The New York Times has an article called “Stuff Piled in the Aisle? It’s There to Get You to Spend More” (feel free to click the link, I’m pretty sure articles that you click through from a blog don’t count as part of you twenty for the month, damn paywall…) that says that while customers prefer shopping in neater, more organized stores, they actually spend more in messy stores.
Stephanie Clifford, the author, explains it this way:
“After the recessionary years of shedding inventory and clearing store lanes for a cleaner, appealing look, retailers are reversing course and redesigning their spaces to add clutter.
Dollar General is raising the height of its standard shelves to more than six feet; J. C. Penney is turning its empty walls into jewelry and accessory displays; Old Navy is adding lanes lined with items like water bottles, candy and lunchboxes; and Best Buy is testing wheeling in bigger items, like Segways and bicycles, to suck up the space created by thinner TVs and smaller speakers.”
Although I like the neat and clean look myself, she almost had me at Segways… Towards the end, Borders was guilty of the same practice. Every week, more and more stuff came into the store. Not book, stuff. Like piles of kids toys and games that didn’t fit on our (book)shelves that we would have to stack in the middle of the floor or glitter balls (giant bouncy balls filled with glitter) that we were told we had to bounce all day as we helped customers. (Although this was the strangest instruction that I’ve ever received, it was a lot of fun.)
Wal-Mart, a store well known for its “stacks of crap all over” version of merchandising, tried to clean its act up in the last few years, focusing on cleaner lines and aisles. Speaking about Wal-Mart’s customers, “They loved the experience,” William S. Simon, the chief executive of Wal-Mart’s United States division, said at a recent confer-ence. “They just bought less. And that generally is not a good long-term strategy.” So, Wal-Mart’s moving back to crap in the aisle. And a bunch of other stores are following their lead.
As one commenter responded to Mr. Simon’s comment, “I guess that says it all. The stores are adopting the airline business model: Improve your bottom line by making your customers miserable.” (Flying is the only time that I appreciate being so short. Everyone else complains, but I really haven’t noticed a lot of the changes. My feet barely hit the floor anyway. Still, bring back the peanuts!)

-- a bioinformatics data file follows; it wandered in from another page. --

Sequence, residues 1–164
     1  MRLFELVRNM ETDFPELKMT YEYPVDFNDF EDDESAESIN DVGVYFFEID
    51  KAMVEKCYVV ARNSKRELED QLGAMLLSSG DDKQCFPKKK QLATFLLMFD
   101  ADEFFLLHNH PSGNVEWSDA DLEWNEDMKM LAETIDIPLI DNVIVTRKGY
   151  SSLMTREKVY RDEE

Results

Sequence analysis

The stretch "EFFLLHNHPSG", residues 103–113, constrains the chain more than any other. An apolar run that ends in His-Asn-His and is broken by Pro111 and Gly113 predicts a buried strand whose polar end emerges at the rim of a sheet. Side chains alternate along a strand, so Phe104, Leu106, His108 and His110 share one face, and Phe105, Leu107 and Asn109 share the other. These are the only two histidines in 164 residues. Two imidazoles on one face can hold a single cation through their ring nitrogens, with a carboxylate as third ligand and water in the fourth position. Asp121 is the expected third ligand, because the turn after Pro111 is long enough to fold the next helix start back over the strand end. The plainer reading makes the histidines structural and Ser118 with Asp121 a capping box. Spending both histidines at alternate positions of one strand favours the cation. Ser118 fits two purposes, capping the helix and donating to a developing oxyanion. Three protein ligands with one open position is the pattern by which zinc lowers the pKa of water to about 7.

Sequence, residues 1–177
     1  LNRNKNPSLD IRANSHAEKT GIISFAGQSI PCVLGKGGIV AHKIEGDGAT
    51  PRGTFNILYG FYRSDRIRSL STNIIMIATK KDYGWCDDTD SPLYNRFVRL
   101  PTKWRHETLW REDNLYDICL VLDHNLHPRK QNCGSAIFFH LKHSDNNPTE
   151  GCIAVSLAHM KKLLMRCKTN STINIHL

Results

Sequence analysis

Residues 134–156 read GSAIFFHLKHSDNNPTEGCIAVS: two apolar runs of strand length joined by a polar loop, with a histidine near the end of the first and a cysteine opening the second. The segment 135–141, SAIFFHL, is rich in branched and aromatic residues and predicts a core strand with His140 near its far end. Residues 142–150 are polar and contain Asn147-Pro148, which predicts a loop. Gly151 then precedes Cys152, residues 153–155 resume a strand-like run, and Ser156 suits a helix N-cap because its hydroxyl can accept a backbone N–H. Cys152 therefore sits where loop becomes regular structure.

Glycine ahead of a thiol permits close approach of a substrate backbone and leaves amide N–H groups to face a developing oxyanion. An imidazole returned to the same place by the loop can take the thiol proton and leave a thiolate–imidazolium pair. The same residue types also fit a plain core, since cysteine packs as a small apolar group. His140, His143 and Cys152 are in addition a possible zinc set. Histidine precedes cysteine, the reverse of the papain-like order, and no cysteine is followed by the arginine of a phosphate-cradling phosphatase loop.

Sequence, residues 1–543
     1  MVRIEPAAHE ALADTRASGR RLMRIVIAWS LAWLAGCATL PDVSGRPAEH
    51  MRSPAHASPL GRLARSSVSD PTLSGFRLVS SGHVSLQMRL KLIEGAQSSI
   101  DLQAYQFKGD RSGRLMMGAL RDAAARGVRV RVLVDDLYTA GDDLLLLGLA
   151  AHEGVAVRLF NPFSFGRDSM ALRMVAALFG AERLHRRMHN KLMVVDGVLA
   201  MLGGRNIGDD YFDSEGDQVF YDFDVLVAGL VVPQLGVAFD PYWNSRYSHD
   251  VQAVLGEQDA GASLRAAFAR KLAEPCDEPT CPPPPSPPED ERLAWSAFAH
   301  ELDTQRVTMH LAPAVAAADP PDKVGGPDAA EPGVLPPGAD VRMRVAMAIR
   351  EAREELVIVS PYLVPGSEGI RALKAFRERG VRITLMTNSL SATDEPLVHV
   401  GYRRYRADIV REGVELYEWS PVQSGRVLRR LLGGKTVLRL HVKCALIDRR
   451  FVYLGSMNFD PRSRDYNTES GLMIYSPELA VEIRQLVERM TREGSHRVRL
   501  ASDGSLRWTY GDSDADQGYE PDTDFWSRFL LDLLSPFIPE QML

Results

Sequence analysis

But, my favorite comment of them all was this: “I love all these New York Times readers sniffing that they, of course, would prefer a cleaner store, so therefore the Wal-mart execs should cater to their preferences. Get it through your skulls, people: if you’re reading this, you are probably not their target market. Go back to the Apple store and let them run their business!” Generally, true, but I read the Times regularly (although maybe note anymore… paywall… grr…), and I purchased my new TV at Wal-Mart over the holidays. ($198 for a 32” flat screen. By far the best price I could find.) And, you know, I did hate the experience of going to Wal-Mart to get the TV. And, I hated myself for doing it. (I know, it’s cheap because we pay for it in our taxes.) But, I do love my TV.
Also, can I be a terrible snob and direct you to People of Walmart?
MaggieCakes is a blog about culture, social media, and what’s new in the world of Internet culture. Every day (okay, I try for every day) I comb blogs and news outlets for the news about internet culture and social media to bring them to you (with my commentary, of course) here on MaggieCakes. MaggieCakes is hosted by WordPress and often draws upon Slate, Jezebel, The Hair Pin, and SocialTimes for links and inspiration. My post Social Media and the Art of Storytelling was featured on freshly pressed, bringing a while new readership to my blog. Find anything interesting in the worlds of culture or social media that you’d like to see a post on? Leave a comment or send me an e-mail at firstname.lastname@example.org.